WENDELL, Idaho (KMVT/KSVT) - Fire crews battled a blaze at Wendell's Farmhouse Restaurant, now a complete loss. The owner speaks out, says the restaurant was her home away from home.
Early Tuesday at 2 a.m. Farmhouse Restaurant Owner Stephanie Otero received a phone call, saying her business was on fire.
The Wendell Rural Fire Department responded to the call at 1:42 a.m. for a commercial structure fire and managed to contain the blaze to the back of the building.
The fire department called out the State Fire Marshal, Jerome City Fire and the Bureau of Alcohol, Tobacco and Firearms to investigate Tuesday. The investigation was completed around 6 p.m. to 6:30 p.m., said a worker from the Wendell Fire Department.
The report said the cause of the fire is undetermined.
Otero said she feels upset that the crews were not able to figure out where the fire started.
"It makes you feel better if you have an answer and not having one is just disturbing, and it makes you wonder what it was, what could've caused it and what could've prevented it," she said.
Although crews were not able to determine what started the fire, she is still grateful for the officials.
"They were honestly amazing," Otero continued. "Even the firefighters, they were some of our regulars. Especially the Wendell PD."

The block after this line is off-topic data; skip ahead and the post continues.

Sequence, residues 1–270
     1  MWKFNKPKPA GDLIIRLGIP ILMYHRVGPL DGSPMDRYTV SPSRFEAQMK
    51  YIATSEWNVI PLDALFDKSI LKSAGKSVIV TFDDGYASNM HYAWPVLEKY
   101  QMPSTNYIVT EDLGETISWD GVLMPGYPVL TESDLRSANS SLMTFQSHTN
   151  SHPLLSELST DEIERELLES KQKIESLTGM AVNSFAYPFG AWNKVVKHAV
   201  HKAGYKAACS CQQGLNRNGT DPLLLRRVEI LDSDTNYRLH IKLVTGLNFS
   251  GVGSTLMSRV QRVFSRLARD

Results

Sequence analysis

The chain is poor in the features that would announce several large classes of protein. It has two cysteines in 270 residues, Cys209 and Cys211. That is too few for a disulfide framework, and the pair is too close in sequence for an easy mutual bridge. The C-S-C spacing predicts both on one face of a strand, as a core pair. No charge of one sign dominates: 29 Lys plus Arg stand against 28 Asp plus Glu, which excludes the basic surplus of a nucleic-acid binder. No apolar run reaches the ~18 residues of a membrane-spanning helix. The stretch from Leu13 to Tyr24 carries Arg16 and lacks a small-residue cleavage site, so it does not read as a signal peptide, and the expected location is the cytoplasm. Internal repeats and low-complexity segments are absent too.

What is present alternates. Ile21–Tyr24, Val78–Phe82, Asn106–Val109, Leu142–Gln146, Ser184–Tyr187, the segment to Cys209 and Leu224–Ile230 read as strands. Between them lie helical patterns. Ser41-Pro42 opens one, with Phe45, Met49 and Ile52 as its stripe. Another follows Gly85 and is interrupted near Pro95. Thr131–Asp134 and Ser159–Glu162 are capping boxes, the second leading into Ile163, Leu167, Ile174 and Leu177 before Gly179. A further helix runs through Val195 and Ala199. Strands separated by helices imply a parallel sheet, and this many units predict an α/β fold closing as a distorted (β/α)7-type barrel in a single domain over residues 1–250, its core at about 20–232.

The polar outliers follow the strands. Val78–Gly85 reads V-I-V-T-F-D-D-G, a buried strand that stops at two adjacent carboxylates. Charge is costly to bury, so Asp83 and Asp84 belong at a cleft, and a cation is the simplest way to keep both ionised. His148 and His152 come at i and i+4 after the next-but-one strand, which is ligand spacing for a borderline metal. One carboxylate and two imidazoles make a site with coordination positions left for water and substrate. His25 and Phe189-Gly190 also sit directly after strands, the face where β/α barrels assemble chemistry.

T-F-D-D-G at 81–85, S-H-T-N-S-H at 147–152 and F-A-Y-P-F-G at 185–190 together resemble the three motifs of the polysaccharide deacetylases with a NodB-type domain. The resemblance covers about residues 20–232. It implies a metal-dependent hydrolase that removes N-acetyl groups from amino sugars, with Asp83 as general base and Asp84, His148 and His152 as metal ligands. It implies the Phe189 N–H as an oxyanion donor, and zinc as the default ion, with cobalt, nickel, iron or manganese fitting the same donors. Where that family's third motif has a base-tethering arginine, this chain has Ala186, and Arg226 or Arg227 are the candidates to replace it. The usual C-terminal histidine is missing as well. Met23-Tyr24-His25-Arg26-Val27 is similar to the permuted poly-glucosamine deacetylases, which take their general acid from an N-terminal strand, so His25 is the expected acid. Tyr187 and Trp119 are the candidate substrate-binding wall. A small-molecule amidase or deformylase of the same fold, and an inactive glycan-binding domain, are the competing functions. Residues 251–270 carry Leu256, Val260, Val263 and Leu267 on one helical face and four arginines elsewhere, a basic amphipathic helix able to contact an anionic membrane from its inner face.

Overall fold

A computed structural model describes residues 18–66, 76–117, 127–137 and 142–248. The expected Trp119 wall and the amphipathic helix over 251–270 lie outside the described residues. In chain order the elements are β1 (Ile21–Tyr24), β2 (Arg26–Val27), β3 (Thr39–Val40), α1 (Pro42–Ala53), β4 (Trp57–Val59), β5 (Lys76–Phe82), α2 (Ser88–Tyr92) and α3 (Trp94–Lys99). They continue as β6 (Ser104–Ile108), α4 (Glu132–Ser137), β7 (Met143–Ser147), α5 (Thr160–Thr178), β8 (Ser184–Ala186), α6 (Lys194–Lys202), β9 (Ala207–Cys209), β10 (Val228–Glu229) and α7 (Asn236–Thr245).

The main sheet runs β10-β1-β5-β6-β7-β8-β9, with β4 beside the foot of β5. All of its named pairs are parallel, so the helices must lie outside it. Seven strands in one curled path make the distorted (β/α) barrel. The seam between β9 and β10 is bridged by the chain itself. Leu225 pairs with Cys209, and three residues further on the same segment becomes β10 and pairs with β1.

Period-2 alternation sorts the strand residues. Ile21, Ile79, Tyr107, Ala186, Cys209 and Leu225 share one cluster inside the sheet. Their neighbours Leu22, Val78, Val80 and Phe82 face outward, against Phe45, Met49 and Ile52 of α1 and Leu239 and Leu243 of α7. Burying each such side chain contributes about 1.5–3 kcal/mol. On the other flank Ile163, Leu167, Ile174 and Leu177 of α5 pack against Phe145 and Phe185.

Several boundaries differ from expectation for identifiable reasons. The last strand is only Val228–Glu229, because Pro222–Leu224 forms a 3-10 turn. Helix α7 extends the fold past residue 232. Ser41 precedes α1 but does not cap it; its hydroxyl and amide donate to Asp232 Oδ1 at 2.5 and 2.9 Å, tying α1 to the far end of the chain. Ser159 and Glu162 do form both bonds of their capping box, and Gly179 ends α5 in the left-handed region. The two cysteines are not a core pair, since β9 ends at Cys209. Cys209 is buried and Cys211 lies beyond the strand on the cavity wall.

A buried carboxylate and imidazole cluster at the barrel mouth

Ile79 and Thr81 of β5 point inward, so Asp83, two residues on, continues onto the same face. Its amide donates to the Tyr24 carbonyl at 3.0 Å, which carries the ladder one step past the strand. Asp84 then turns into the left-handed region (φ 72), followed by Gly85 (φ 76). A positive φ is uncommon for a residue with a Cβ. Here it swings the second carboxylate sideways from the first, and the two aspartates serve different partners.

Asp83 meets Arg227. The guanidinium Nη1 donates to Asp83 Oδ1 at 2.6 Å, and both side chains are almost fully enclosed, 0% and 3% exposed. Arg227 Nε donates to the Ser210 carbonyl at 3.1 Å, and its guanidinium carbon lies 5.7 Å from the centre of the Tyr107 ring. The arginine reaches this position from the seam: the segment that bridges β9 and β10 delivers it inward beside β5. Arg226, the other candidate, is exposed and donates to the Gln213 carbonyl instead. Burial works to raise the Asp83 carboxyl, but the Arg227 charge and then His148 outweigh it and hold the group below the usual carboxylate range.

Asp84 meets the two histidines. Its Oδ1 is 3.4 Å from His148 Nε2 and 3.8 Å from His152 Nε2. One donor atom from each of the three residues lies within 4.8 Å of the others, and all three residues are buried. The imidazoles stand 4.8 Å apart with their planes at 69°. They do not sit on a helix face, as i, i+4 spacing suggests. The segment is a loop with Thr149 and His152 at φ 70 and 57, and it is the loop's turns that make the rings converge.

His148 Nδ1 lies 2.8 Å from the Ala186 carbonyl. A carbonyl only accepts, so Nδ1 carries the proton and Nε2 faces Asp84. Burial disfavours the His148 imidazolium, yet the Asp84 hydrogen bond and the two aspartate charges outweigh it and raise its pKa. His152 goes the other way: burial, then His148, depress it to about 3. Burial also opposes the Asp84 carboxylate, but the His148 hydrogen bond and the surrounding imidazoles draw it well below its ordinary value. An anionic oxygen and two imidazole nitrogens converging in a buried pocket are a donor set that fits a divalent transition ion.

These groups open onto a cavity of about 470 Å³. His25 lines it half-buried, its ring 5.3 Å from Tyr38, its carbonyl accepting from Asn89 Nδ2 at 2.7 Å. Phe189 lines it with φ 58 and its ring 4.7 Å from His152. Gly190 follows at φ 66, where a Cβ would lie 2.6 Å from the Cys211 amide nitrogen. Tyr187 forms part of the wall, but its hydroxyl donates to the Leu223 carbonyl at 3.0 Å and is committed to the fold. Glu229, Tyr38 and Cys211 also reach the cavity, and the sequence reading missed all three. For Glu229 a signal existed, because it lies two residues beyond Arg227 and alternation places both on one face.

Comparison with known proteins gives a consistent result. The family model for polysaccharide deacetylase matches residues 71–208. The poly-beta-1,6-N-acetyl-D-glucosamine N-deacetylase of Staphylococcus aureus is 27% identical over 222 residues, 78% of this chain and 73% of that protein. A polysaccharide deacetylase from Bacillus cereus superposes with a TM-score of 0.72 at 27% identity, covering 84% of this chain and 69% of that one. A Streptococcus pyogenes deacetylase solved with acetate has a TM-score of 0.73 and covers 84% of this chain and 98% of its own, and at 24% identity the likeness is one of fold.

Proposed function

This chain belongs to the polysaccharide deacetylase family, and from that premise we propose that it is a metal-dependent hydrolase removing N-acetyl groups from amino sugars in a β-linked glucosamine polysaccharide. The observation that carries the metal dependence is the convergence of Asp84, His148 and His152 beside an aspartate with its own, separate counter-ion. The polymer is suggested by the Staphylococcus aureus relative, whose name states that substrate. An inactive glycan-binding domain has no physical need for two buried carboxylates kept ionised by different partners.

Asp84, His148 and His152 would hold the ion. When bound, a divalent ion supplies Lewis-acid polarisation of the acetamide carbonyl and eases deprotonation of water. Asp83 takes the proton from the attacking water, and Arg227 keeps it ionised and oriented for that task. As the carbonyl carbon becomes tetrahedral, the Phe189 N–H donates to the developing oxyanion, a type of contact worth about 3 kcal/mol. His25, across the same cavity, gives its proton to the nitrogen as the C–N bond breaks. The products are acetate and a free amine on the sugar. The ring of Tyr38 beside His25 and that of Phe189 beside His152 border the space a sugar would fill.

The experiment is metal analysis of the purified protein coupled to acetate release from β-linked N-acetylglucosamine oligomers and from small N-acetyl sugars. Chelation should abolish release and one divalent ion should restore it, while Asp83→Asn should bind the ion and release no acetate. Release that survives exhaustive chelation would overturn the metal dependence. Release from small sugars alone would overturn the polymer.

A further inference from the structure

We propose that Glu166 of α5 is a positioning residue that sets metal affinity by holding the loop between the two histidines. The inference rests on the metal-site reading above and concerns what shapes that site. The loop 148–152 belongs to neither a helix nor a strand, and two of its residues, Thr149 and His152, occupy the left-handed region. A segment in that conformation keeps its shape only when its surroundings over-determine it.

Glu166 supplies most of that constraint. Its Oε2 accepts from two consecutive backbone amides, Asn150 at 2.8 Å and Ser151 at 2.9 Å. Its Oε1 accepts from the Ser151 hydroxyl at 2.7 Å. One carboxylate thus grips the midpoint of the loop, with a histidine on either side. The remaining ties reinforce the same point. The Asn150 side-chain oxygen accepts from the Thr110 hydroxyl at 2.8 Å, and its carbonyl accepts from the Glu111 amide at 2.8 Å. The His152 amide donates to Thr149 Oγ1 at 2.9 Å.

Otero tells KMVT she was up from 2 a.m. Tuesday when she got the call and went back home at 2 p.m.
"When you have time to sit there and process it, you really think about it. You break down more, you really do," she expressed.
She said she has worked at the restaurant for 19 years and got the job as a "fluke."
"A friend of mine was working here," she said. "We were in high school, and she needed help because the other buser didn't show up."
The owner at the time liked her and asked her to start right away, she said.
"It's a home away from home," she said of her restaurant.
She said she is worried about the employees and regular customers.
"It's not just working here. It's a second family, honestly," she continued. "Just to not see their faces every day again, just yelling at them like 'Hey, mamma, I need some gravy.' You don't get to do that now."
She said she has been working with insurance and waiting for an adjuster to figure out what to do next.
"Looking at it and the way we're looking at it the way it is... Time will tell and we'll see where we'll go from there," she said.
Otero has seen the community come together through the loss.
"The positive thing about it too is just to see how much the community really did love the Farmhouse. Honestly, they were here all the time, they proved it that way. It doesn't just affect us, it affects them," she said.
Otero said she does not how much money and content has been lost in the fire.